Sexuality is a rare issue that both transcends fickle generalisations and stereotypes and monopolises gossip, asides and insinuations. We dissect it as if it is everything while treating it like it is nothing on other occasions. And that is because it is just that. It is such an intricate topic that it consumes us, but in a way we cannot escape, and that in itself is why it is so terrifying for so many people. How can you not be terrified by something that is basically the be-all and end-all of our existence and something that we will never fully understand?

Just on the top of my head I have about 40 questions about sexuality. Are we attracted to a certain type? How straight am I? Is being completely straight a myth? Is it right that society has stunted our own perceived sexuality? Is monogamy healthy? How drastic are the changes of a male’s take on sexuality from the age of 17 to something like 25? Is experimenting the only way we will conquer our fears of the unknown? How come our perceptions of people who have larger numbers of sexual partners are so different to our views of people who seem to endlessly go from long-term partner to long-term partner? It goes on and on and on and on. And this really doesn’t even go near the things I truly don’t understand. The intricacies of the psyche of a person who associates with a particular gender despite being born a different sex, the effect consumerism has had on gender roles, gender stereotypes, gender manipulation, and the influence of domestic violence on the children living under that roof and once more, so on and so forth.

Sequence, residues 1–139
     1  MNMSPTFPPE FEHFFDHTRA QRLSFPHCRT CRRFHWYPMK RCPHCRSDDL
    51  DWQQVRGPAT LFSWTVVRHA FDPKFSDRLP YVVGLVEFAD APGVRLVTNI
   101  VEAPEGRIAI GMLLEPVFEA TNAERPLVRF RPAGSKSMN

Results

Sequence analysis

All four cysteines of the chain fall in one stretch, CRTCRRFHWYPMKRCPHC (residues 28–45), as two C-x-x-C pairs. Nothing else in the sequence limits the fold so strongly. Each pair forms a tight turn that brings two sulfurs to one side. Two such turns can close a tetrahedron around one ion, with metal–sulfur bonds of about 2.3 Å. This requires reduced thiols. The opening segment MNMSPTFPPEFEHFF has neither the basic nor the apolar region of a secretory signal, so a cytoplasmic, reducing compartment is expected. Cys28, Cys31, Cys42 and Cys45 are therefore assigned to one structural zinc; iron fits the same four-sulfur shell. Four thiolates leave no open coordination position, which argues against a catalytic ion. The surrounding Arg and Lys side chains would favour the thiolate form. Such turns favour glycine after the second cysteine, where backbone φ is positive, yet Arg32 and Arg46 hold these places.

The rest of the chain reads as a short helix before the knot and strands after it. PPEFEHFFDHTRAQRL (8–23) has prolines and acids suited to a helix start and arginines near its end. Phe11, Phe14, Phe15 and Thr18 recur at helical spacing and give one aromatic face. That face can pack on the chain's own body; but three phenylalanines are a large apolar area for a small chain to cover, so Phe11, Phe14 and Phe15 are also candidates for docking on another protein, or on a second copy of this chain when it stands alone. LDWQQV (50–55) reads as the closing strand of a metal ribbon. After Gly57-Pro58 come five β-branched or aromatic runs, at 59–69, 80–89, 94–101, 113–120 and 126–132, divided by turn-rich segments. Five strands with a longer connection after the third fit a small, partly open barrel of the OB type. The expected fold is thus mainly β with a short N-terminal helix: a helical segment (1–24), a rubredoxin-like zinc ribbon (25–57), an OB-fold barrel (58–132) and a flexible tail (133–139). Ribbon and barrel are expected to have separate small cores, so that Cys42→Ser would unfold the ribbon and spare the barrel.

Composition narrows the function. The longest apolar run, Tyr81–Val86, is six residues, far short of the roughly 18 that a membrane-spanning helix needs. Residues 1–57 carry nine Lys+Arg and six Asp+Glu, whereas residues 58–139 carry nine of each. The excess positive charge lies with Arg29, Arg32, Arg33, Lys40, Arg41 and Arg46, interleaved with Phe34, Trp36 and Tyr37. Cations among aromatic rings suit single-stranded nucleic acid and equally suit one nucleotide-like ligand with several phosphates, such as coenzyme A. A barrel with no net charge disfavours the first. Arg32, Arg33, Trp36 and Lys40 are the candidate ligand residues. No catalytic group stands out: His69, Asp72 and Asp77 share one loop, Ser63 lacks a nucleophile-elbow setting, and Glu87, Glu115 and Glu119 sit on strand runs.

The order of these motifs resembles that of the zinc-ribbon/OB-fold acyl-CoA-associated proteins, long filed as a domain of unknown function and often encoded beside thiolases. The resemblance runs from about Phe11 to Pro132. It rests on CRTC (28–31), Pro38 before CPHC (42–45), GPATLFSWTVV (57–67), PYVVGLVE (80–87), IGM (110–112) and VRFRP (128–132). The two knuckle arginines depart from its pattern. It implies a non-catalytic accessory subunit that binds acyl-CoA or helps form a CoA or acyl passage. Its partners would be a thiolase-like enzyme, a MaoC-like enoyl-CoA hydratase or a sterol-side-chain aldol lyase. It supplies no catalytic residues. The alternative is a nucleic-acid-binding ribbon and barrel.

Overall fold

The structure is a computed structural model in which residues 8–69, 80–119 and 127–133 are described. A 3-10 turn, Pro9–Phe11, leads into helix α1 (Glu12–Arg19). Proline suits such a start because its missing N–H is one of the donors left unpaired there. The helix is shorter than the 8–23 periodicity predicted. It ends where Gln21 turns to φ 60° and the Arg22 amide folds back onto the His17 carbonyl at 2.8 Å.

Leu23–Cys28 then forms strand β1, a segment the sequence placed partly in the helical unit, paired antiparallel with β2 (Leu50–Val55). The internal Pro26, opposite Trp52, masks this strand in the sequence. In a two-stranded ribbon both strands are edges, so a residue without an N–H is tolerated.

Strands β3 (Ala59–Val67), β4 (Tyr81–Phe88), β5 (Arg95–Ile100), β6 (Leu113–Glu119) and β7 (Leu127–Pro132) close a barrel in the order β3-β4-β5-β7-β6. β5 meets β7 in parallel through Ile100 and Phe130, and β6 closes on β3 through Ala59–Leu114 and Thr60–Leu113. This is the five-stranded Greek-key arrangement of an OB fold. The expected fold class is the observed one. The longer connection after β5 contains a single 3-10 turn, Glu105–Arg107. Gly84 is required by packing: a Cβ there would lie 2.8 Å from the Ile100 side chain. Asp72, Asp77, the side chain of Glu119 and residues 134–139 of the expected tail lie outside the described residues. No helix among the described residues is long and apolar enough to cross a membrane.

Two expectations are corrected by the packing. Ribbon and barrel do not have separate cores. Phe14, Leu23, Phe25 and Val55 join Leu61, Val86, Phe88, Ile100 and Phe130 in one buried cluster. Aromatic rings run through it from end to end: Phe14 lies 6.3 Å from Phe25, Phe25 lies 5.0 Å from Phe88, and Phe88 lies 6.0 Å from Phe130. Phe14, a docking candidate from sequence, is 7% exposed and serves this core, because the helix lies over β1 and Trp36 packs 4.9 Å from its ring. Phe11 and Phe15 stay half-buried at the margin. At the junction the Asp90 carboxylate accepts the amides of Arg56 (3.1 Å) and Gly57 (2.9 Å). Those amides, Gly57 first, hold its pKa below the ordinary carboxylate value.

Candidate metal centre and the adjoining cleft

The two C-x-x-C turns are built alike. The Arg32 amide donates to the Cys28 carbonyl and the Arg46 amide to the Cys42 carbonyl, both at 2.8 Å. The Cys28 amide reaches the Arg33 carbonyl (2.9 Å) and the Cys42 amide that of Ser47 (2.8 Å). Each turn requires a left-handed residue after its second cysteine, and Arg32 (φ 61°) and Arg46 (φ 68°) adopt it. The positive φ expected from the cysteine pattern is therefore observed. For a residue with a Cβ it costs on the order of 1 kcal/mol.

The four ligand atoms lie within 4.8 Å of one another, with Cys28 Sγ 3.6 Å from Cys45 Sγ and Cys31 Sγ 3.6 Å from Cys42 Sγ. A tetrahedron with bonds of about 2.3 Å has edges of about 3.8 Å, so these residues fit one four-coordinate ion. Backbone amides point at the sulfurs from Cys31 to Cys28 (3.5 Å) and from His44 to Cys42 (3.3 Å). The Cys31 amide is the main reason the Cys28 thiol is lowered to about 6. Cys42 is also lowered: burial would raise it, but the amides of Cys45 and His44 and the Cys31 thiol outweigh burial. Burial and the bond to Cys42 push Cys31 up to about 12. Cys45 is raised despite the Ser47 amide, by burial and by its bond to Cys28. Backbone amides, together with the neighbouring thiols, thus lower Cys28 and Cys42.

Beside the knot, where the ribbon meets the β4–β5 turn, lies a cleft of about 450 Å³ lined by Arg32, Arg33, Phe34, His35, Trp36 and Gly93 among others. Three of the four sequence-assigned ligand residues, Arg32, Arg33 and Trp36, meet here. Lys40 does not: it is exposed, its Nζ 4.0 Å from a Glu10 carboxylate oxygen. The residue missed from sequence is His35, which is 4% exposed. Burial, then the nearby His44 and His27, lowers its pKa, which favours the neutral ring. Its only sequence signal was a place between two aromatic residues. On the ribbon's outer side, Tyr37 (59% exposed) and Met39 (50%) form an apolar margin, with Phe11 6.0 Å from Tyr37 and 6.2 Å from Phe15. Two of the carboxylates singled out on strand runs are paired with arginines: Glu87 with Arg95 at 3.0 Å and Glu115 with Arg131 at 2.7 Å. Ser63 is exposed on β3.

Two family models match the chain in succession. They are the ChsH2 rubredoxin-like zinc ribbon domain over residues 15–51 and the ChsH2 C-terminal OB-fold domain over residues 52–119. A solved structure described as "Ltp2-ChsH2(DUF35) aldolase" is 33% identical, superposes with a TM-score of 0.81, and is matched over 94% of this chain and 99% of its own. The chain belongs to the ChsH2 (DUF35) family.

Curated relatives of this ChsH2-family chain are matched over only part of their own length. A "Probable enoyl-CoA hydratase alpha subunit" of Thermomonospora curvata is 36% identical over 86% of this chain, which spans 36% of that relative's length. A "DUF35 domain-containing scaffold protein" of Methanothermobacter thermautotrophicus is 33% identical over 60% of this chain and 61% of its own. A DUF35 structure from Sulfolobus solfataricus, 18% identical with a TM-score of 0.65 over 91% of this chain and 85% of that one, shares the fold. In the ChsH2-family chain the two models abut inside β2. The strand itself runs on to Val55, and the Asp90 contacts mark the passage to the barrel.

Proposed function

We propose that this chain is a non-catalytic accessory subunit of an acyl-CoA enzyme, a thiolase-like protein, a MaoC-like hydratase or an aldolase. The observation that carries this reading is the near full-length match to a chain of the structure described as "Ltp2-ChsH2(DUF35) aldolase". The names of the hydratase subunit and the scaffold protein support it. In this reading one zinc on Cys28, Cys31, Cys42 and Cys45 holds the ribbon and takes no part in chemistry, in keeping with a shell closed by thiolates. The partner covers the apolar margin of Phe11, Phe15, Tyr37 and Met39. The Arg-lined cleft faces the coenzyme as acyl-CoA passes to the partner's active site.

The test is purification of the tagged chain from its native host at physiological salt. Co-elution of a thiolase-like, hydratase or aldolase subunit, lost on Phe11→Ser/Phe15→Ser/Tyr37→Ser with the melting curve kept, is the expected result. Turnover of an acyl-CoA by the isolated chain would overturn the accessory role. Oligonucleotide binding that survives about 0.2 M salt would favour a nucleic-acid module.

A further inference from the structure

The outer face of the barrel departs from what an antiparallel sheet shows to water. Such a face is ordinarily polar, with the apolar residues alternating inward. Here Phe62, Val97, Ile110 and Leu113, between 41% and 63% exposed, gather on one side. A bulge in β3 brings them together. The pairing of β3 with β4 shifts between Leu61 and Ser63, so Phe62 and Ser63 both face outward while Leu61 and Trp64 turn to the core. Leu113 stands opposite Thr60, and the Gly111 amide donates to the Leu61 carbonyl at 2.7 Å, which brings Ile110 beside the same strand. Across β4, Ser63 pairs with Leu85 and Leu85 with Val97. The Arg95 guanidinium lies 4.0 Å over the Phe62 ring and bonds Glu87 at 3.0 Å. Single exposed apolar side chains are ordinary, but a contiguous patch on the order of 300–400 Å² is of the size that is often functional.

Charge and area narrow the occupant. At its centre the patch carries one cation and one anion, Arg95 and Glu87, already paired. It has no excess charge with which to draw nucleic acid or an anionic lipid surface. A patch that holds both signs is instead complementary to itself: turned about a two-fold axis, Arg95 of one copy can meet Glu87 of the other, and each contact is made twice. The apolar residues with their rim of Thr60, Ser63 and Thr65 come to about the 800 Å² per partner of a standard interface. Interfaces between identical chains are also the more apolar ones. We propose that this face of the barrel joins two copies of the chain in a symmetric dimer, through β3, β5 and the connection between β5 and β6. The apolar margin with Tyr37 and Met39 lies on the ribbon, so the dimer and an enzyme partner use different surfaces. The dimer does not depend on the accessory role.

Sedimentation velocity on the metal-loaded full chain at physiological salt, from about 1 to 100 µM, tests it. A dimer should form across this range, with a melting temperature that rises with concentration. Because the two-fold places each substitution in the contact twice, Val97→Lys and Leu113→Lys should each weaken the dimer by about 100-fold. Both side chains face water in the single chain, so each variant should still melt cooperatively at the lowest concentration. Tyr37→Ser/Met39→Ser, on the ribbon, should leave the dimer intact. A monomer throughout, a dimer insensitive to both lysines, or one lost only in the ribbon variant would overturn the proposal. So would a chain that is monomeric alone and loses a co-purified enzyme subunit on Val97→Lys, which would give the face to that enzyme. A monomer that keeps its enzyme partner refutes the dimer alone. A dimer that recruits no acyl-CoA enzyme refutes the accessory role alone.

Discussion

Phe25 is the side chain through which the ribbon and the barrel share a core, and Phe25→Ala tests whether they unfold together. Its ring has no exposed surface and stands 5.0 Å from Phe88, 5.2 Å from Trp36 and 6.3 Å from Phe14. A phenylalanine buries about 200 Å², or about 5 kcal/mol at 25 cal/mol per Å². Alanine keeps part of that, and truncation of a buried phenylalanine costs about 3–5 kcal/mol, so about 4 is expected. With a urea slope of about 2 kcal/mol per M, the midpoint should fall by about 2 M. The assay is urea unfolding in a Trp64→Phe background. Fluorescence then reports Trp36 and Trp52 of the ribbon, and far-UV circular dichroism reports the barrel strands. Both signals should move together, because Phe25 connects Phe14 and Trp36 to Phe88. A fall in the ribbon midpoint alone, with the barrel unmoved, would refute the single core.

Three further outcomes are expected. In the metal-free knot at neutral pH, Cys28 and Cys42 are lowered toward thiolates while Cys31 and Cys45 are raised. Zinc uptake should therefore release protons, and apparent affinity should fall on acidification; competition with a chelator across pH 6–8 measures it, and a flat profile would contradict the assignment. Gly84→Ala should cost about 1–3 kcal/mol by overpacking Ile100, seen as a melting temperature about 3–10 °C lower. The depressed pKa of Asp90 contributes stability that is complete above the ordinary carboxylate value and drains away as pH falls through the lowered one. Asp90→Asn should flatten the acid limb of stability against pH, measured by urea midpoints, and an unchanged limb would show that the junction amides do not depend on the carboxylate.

Recently I started to think about my upbringing, in particular my education – and my six years at a Melbourne Private School. Thinking back, my naivety with women and the little I knew, along with the discoveries about sex and women I made in interesting and potentially dangerous ways, is natural but quite startling. We weren’t taught anything substantial because our sex education classes generally broke down into boys trying to outdo each other in their adolescent immaturity, asking questions about *giggles* semen and threesomes and pubic hair and doggy style and all those fun things. Who was to blame with the lack of understanding? The dangerous lack of understanding of women, which has led to a society that ultimately doesn’t understand the intricacies and the minutiae when it comes to the innate differences between a man and a woman is a crucial point that I see in many young men, and it is a genuine problem. Yeah, we all know we have a penis, we have a vagina or we have both, but what else do we need to know? Why does A feel a curiousity to look at his friend, B, in the locker room showers? Is A a homosexual? Is A wrong? Should B be worried? What’s the deal with vaginas? Is pornography good for one’s development or is it doing irreparable harm? Growing up, what are the things we can expect to change? How the fuck am I supposed to deal with all this confusion, all these different answers, all this pressure, all this lust, all this lack of interest, all this discrimination, prejudice, isolation!?!?